• Some posts commented that you needed to restart your machine, but I cant remember if I needed to do this.
  • After waiting a few minutes, use Spotlight to search for an email. Try searching for something obvious – like “@” or your email address – the point is to see if any of the indexing has started. If the indexes are still being built, you might find very few results, but should at least get something. Allow time for indexes to get built on all emails.
  • Observe that Spotlight lists email messages in “Mail Messages” section of search results. Observe that clicking on an email message in search results will open a new Thunderbird window of that actual email.
  • Thats it – enjoy! 🙂

Tip of the hat to,,, for pointing the way; I ended up doing a subset/combination of parts of each of their instructions, so hope folks find the steps I followed useful.

For the record, I was using the following:

  • MacBookPro running OSX 10.4.11
  • Thunderbird

How to use Jawbone headset with Skype/SJPhone on a MacBookPro

I wanted to setup a headset for my work VOIP phone calls from my laptop. I already had a Jawbone headset for my cellphone, why not use that?
Literally all I had to do was:

  • make Jawbone discoverable (when powered off, press the black shiney section with raised lettering, until the LED starts alternating Red/White)
  • on Mac, in Bluetooth menu, “Set up Bluetooth Device”, pick “Headset”and walk through the dialogs to find devices. Enter passcode, which is defaulted to ‘0000’.
  • in Skype, preferences dialog, audio tab, set the “Audio Output”, “Audio Input” and “Ringing” options to each use the “Jawbone” menu item.
  • in SJPhone preferences dialog, audio tab, set the “Output” and “Input” options to each use the “Jawbone” menu item.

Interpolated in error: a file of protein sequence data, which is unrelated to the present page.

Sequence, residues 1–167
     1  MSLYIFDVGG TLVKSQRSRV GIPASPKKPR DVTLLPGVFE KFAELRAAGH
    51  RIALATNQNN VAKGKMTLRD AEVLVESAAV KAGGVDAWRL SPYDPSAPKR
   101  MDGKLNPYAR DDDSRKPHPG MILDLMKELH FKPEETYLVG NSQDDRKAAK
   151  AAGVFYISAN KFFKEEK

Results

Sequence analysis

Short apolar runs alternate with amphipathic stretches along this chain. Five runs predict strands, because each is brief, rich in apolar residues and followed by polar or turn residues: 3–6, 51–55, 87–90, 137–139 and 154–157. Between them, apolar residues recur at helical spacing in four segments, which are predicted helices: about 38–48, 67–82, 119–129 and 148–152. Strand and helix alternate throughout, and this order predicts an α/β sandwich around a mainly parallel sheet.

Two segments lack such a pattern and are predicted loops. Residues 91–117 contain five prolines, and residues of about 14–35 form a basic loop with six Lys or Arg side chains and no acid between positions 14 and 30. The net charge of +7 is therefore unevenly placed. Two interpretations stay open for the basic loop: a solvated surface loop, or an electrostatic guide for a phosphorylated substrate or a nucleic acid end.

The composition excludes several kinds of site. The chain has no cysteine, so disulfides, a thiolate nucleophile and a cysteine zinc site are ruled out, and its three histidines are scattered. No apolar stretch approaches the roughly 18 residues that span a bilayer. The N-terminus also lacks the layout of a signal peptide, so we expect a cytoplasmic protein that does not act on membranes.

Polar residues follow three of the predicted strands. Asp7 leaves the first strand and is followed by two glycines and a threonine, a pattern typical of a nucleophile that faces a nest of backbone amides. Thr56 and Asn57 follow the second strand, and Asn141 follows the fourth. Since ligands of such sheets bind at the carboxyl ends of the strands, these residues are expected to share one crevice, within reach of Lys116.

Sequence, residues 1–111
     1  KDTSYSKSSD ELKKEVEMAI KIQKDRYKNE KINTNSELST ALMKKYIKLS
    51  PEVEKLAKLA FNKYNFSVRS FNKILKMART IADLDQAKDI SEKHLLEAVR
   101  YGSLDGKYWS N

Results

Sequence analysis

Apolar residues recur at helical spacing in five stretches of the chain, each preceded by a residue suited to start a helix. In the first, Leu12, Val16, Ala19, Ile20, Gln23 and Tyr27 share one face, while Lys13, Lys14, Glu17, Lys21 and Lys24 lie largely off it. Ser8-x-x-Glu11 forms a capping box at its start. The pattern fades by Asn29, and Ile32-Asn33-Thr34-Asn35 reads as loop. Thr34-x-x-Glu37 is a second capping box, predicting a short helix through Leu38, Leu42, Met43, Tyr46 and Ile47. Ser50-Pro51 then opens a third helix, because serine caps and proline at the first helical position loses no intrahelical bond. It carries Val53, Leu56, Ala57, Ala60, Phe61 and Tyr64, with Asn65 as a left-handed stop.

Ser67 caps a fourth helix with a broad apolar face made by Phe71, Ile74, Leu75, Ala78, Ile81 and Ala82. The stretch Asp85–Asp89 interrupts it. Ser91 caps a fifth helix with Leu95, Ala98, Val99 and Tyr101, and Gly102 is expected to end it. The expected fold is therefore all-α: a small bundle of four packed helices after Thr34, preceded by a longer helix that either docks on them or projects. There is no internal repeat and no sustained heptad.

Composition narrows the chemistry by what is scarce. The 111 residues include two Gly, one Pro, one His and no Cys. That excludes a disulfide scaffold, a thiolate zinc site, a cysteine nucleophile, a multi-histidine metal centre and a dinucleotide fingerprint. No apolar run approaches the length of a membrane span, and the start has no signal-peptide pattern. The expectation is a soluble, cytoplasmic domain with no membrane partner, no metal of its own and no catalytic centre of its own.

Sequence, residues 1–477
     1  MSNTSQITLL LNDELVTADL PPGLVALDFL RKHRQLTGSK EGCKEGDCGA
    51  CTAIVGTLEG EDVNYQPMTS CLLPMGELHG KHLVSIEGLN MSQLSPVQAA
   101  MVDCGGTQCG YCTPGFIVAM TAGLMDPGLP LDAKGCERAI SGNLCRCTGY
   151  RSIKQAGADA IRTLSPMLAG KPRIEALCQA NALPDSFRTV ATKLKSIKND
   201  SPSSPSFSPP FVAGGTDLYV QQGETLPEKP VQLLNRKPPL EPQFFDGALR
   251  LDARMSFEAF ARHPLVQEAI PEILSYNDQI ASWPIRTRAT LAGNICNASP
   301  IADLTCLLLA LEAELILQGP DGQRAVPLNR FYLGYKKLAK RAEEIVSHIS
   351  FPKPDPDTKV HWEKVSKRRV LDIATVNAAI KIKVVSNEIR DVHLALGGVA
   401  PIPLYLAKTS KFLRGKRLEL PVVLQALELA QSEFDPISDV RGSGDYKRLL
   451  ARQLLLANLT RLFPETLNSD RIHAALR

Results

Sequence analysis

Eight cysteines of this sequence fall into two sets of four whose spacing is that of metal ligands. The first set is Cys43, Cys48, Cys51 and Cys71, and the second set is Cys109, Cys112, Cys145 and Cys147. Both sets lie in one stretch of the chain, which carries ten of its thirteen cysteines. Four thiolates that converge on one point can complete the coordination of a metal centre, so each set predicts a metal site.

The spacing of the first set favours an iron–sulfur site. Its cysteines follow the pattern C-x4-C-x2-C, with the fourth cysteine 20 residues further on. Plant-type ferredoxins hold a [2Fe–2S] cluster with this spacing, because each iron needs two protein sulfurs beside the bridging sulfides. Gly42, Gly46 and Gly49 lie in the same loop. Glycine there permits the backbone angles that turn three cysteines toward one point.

That was it.
It all just worked first time, and was literally all up and running in two minutes. It would have been even faster except I had to dig up the instructions on making Jawbone discoverable! It took me much longer to write this blog post, but thought this info might be useful to others.

For the record, I was using the following:

  • MacBookPro running OSX 10.4.11
  • Skype v2.7.0.330
  • SJPhone v1.60.299a
  • Jawbone headset(!)

Thunderbird by the (wall-clock) numbers

Mozilla released Thunderbird on Wednesday 14-nov-2007, at 5.10pm PST.

From “Dev says code ready to release” to “release is now available to public” was 15 days 22.5 hours wall-clock time, of which the Beta period took 6 days 8 hours, and Build&Release took just over 2.5 days (62.5 hours).

17:30 30oct: Dev say go
09:40 31oct: mac builds handed to QA
10:00 31oct: linux builds handed to QA
17:55 31oct: win32 signed builds handed to QA
06:50 02nov: update snippets available on betatest update channel
14:30 06nov: QA says “go” for Beta
16:10 06nov: update snippets available on beta update channel
00:30 13nov: Dev & QA says “go” for Release; Build starts final signing, bouncer entries
08:25 13nov: final signing, bouncer entries done; mirror replication started
09:40 13nov: Build announced enough mirror coverage for QA to use releasetest channel
12:40 13nov: win32 installer bug#403670 discovered
14:00 13nov: declare bug#403670 as showstopper, put TB2.0.0.9 on hold.
18:20 13nov: root cause and fix of bug#403670 found.
05:05 14nov: one rebuilt win32 installer handed to QA to verify bugfix